After Stumble, Stitch Fix Tinkers With Strategy

Stitch Fix stung investors with disappointing financial results and also lowered its sales forecasts for the year ahead.

But the company says it’s fine-tuning its game plan, offering consumers more ways to move beyond the limitations of its basic Fix strategies.

For starters, it’s expanding its preview offering. While the company’s basic offer is a selection of surprise items chosen for them by a stylist (along with its much-vaunted algorithms), the preview gives consumers a sneak peek -- and lets them reject choices they don’t like.

The company also introducing live styling with 30-minute video sessions.

Stitch Fix says both features are meant to boost sales, add to data banks and ultimately increase lifetime value.

For the second quarter of its fiscal year, the San Francisco-based online styling company says its revenue rose 12% to $504.1 million, less than it had forecast. It swung to a loss of $21 million, compared to profits of $11.4 million, despite lower advertising spending.

So what went wrong? One problem came from its Direct Buy feature, launched about a year ago. Designed to let shoppers skip the whole “Fix” concept and just shop for what they want, it’s done well, and took the company to its best January women sales yet.

But for the full quarter, those purchases came in softer than expected, which the company chalked up to the holiday period. “We believe that self-purchase behavior subsides in this window -- similar to what we have historically seen in our Fix offering -- and is replaced with a gifting mindset.”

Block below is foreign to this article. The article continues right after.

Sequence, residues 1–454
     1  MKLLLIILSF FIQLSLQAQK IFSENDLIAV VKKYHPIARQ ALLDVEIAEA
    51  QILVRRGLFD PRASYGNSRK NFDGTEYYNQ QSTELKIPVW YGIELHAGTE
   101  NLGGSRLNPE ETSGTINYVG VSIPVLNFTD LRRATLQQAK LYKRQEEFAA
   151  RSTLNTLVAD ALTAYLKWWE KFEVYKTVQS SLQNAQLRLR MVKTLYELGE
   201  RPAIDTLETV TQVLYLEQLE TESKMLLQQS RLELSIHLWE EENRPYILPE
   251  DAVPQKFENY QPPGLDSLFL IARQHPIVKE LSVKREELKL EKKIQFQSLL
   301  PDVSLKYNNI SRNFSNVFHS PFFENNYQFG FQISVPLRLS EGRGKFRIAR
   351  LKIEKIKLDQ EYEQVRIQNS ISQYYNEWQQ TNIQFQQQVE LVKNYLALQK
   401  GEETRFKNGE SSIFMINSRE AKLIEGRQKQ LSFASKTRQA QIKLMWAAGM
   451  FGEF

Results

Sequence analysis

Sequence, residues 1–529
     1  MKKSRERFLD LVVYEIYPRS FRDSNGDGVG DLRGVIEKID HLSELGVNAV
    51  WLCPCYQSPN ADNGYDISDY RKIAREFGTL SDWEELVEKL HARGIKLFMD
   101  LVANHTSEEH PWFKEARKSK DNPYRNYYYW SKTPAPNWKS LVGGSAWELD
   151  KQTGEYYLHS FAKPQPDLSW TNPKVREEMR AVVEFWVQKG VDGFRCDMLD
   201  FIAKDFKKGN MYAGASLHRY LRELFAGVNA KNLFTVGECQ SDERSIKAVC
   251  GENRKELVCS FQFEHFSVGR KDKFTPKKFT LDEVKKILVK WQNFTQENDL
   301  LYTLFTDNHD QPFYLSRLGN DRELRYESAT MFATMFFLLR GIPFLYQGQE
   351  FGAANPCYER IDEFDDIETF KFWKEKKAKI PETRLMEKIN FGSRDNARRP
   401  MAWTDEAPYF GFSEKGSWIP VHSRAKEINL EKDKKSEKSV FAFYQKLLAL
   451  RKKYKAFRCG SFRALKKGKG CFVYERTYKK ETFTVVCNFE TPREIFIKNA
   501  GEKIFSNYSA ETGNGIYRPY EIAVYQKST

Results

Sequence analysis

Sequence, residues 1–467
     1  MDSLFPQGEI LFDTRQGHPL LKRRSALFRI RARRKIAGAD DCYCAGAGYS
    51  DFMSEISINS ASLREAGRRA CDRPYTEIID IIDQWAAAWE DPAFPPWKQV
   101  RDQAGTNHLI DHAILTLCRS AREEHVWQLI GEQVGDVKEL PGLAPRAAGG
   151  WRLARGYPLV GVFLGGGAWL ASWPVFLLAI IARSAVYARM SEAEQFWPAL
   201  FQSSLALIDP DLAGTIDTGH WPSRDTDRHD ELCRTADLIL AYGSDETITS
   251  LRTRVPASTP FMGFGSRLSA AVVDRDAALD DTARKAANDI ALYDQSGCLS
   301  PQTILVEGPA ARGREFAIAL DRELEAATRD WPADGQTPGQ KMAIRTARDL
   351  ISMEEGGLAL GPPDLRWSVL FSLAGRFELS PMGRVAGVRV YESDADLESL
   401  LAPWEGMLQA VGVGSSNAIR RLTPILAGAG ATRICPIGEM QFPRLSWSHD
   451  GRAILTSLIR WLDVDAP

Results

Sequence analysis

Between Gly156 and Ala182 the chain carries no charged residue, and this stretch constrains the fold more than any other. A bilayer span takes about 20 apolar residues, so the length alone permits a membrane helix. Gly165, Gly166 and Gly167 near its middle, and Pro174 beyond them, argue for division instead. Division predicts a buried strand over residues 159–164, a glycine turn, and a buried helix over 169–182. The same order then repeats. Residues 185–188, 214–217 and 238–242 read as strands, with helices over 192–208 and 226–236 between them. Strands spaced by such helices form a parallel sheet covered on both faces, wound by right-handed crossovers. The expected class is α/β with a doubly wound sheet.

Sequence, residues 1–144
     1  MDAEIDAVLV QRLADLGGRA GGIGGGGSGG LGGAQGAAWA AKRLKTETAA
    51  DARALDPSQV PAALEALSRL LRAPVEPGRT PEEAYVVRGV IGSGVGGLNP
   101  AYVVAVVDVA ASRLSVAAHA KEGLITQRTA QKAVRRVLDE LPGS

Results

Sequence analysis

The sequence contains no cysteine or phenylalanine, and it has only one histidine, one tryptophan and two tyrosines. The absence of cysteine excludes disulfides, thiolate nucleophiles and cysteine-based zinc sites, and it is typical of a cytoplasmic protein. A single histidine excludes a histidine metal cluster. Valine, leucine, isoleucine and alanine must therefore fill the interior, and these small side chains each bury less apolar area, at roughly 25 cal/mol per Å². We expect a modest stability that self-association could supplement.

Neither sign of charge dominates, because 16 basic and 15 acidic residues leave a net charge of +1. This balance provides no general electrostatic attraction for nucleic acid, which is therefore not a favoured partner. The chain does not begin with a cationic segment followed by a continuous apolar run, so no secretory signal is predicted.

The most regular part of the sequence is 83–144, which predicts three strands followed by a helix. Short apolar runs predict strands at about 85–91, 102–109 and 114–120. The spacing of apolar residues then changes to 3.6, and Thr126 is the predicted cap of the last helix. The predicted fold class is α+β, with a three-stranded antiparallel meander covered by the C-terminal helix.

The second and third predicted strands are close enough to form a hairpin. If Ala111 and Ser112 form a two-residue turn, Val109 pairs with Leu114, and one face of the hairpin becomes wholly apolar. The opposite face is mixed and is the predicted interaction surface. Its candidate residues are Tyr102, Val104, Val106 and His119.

The company lowered its guidance for the year ahead, now predicting sales gains of just 18% to 20%, instead of between 20% and 25%.

Its results, below the company’s forecast, spooked investors, who drove the company’s stock price down from $73 a share to $49 on the news.

But some think the company’s big picture prospects are solid. “We continue to see substantial market share opportunity for Stitch Fix as it scales its personalization platform,” writes Mark R. Altschwager, who covers the company for Baird and is maintaining his neutral rating.

He is encouraged by the company’s ability to keep adding new clients, up 12% in the quarter.

He says the pace of acceleration is being held back by “a more conservative overall view on the pace of recovery due to COVID, a bit surprising with pent-up demand and stimulus anticipated.”

Still, Altschwager thinks the company will eventually benefit from more areas reopening, as consumers look to refresh their closets for work, school and events.

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